The Picturesque Domestication of Iran for an American Counter-Modern Retreat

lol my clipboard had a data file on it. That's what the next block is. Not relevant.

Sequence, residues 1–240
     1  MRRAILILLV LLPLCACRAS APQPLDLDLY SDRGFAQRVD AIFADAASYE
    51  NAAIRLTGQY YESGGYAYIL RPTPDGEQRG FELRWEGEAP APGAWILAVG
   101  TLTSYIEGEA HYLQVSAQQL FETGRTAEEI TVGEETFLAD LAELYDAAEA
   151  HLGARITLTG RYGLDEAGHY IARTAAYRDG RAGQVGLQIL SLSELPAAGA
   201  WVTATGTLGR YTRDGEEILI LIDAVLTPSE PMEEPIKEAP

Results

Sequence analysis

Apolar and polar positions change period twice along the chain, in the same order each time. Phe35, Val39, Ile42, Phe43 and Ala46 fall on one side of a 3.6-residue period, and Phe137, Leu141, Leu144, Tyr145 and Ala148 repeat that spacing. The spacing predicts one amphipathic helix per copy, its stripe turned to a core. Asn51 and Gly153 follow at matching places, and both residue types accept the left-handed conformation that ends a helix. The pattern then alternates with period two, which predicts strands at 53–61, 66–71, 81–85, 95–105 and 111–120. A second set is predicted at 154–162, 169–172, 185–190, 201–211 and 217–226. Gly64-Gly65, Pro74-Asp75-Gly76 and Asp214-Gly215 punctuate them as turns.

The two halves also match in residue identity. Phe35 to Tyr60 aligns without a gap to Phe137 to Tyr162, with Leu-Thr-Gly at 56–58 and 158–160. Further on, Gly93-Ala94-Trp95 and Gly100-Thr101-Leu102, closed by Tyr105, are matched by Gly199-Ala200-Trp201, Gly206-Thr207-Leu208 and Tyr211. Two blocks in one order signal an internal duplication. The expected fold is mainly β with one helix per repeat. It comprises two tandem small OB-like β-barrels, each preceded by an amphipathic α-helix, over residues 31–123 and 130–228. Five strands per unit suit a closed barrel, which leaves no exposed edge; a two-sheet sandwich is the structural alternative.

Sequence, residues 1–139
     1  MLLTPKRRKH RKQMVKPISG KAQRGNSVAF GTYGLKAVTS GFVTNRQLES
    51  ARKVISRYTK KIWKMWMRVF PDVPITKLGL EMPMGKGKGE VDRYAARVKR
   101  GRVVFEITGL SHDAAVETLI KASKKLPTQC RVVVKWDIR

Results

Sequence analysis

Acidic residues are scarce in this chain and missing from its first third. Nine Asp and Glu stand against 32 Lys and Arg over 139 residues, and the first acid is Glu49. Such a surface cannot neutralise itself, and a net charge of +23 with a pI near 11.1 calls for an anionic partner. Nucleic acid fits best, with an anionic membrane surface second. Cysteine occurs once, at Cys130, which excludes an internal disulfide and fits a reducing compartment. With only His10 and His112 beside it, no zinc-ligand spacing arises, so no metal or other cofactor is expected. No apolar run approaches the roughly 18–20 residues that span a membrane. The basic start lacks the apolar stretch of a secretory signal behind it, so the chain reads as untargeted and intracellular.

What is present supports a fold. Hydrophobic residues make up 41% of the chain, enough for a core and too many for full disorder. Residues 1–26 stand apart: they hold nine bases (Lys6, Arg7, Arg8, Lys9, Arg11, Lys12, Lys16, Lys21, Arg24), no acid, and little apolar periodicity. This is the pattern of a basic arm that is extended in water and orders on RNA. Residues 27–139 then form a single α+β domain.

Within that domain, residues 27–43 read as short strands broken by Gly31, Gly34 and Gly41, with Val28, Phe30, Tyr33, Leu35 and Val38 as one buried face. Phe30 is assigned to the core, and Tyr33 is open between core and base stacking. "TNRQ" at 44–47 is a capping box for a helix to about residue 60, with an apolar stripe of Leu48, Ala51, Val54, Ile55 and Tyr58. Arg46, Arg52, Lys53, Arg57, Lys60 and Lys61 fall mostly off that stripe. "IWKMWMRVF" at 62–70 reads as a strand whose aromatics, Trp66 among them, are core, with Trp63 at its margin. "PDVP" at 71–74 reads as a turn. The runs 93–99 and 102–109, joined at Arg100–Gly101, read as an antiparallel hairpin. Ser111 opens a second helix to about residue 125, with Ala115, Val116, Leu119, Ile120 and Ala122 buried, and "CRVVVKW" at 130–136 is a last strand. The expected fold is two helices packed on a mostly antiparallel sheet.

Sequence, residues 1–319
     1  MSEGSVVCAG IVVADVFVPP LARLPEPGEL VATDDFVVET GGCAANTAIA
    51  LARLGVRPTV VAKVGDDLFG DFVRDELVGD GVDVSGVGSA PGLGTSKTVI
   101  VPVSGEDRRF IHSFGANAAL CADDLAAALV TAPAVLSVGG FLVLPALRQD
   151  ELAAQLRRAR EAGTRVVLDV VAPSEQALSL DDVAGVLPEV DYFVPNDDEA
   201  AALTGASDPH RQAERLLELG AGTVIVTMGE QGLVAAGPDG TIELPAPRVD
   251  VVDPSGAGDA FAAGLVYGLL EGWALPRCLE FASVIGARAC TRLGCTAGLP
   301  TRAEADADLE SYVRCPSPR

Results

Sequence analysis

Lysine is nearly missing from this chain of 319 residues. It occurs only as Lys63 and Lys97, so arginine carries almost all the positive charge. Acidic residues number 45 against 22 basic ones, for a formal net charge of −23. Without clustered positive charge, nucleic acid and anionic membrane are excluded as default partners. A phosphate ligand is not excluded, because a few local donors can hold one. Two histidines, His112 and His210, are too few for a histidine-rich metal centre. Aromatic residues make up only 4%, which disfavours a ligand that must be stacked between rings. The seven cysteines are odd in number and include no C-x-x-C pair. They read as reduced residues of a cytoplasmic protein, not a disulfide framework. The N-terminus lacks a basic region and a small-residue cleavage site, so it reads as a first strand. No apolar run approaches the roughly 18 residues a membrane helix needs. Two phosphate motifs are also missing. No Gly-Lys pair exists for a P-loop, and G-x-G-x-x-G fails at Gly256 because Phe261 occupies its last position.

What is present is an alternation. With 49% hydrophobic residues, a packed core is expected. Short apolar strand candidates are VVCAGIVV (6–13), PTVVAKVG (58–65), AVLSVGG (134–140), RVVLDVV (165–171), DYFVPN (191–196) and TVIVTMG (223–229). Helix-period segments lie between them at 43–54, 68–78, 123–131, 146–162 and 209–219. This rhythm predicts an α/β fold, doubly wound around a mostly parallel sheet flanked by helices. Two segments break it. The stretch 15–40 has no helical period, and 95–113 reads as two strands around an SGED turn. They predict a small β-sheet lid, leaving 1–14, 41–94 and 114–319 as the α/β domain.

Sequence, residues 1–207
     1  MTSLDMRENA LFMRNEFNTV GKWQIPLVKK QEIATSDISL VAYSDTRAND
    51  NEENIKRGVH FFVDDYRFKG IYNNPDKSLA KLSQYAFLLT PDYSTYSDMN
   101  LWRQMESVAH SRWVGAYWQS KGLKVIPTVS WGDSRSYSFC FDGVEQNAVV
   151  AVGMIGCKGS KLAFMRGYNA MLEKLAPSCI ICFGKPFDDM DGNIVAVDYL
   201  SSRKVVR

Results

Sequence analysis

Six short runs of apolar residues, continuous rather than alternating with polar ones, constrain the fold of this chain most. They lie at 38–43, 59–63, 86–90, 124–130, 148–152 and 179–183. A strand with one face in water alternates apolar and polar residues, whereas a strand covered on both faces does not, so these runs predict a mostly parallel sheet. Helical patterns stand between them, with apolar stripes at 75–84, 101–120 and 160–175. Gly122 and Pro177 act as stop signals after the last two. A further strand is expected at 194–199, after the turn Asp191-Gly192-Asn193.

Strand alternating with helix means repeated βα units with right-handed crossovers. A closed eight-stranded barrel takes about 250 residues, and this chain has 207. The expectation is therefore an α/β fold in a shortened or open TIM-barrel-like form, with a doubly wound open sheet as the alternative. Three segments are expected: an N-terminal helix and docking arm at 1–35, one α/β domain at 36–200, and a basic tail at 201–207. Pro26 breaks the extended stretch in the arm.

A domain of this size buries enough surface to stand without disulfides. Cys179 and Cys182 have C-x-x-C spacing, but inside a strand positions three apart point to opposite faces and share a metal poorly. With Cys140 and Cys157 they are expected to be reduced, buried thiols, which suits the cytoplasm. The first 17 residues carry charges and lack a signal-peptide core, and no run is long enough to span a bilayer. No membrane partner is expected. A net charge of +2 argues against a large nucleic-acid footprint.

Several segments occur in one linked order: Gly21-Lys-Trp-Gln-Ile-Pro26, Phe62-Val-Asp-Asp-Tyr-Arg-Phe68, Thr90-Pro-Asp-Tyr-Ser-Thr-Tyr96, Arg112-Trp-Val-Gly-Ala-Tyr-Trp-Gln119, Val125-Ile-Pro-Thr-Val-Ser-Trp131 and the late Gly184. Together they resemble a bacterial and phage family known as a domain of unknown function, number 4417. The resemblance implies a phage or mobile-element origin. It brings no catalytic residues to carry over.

This thesis examines one of the most fraught and distorted relationships—the association between the United States and Iran. Contemporarily, most scholars and professionals associated with this connection evaluate the relationship in terms of politics, religion, power, and national security. Far fewer, however, evaluate it from its roots—the cultures, relationships, and dependencies that ultimately produced the prickly relationship of these two countries today. This thesis utilizes American authored travel narratives from 1921- 1941, written primarily by recreational travelers, to contradict American contemporary and paternalistic views of the relationship with Iran. This thesis posits that a nascent and unsure America depended on a pre-modern Iran to ease her into an impending modern existence.